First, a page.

See, for kids today, getting online is like turning a tap on was for us when we were young. It's a utility, an expectant part of life that wherever you go, as long as you've got some kind of portable device with a screen, you can get online.
I'd always imagined the conversation I'd have with my eldest, who's seven, would start with "son, in the beginning, we used to have to plug our computer into the wall before we could access the internet". I can see him staring back at me with a rabbit-in-the-headlights gape of confusion. Wires? Waiting to get online? No instant access to YouTube? Followed by a "how did you survive?" type of response.
He has access to five different devices in our living room which will take him directly to YouTube, or anywhere else on the internet – internet TV, games console, tablet, smartphone and laptop – six if you count each of our two laptops individually. And he's quite able to use all of them, instinctively and with increasing regularity.
Which is one reason why Safer Internet Day is becoming more and more important. As our children's ability to access the internet as a utility has increased, so has the risk of exposure to the less pleasant parts of it. There is a world of brilliant stuff online, but much like the real world, there are some bits I'd rather my kids didn't see.
Read about CES 2011 – the internet everywhere
O2 is a big supporter of Safer Internet Day, which itself exists to advise schools on educating parents and children on surfing the web safely. Today is the eight annual Safer Internet Day so an appropriate time to stop and think about what we could do to make the internet a better place for kids to hang out.
Right now my wife and I restrict our kids' use of the internet. More so than we do their use of the TV. But I'm not so happy about it. Restricting TV, sure (as good as Kick Buttowski is, an' all) but restricting online access – really? There's so much out there.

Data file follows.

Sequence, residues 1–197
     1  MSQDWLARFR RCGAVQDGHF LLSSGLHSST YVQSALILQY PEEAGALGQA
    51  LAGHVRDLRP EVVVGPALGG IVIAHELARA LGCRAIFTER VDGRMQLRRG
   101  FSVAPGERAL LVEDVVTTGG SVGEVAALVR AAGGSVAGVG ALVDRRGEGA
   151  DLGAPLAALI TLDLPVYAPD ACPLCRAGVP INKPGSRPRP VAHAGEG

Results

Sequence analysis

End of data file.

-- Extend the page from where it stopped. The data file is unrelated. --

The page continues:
I spend my working life online, and a reasonable chunk of my non-working life too. The internet is our industrial revolution. It's the democratization of information. It's useful. It's fun.
The web connects a fortune of information which we can access and utilise in seconds. Little treats waiting to be uncovered. Heck, even culture is getting in on the game with a raft of splendid art galleries opening their collections up to Google's Street view, making priceless art accessible not to millions, but to billions of people around the globe.
And I'm stopping my kids from spending time on this why exactly?
Fear, mostly, but also lack of understanding. I don't know how to stop them from seeing stuff they shouldn't see. Though I know I should do more. I should talk to them about it, what's safe to look at, what's not safe to look at. Educate them, somehow.
The key, it seems, is to understand how better to protect our kids online rather than to restrict their access to it. O2 offers a raft of information and advice on the subject, both on the web and through its call centres. Just call up and you can speak to someone who'll offer advice on what to do. O2 was one of the first networks to ship all new mobile broadband dongles with a content restrictor (which can be lifted for over 18s) so kids won't be accidentally exposed to the less pleasant parts of the web.
Find out more about O2 Protect our children
Kids can learn about this stuff at school, too. 89 Children's Champions drive an initiative at O2 which sees the team venture out into schools to help children learn how to protect themselves from risks online. Those same champions also work in conjunction with a range of UK child safety organisations.
Teachers can also pick up tips from the collaborative project, Tech Today, which O2 also contributes to. The site contains a raft of teaching resources around the subject of safer surfing which teachers can download and use to plan lessons around the topic.
Kids need to spend time outside, for sure. They need exercise, they need to socialise, they need a mixture of activity. That's what we try and give our own kids. But they also deserve to have safe access to the world's information. But we can't completely shield our kids in the real world and neither can we do it online. We can though teach them how to play safe, how to be responsible and what to do if they run into trouble. Then, we can stop looking over their shoulder whenever they dive into another website.
Now, if you don't mind, there's a conversation I need to have.
Photo by crazytales562